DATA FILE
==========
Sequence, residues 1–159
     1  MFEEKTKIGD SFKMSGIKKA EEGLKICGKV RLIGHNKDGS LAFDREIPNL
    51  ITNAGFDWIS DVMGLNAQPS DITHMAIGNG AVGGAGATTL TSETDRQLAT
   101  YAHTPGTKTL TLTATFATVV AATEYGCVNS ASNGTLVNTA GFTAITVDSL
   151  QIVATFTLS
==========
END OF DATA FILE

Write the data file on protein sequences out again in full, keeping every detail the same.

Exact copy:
Sequence, residues 1–159
     1  MFEEKTKIGD SFKMSGIKKA EEGLKICGKV RLIGHNKDGS LAFDREIPNL
    51  ITNAGFDWIS DVMGLNAQPS DITHMAIGNG AVGGAGATTL TSETDRQLAT
   101  YAHTPGTKTL TLTATFATVV AATEYGCVNS ASNGTLVNTA GFTAITVDSL
   151  QIVATFTLS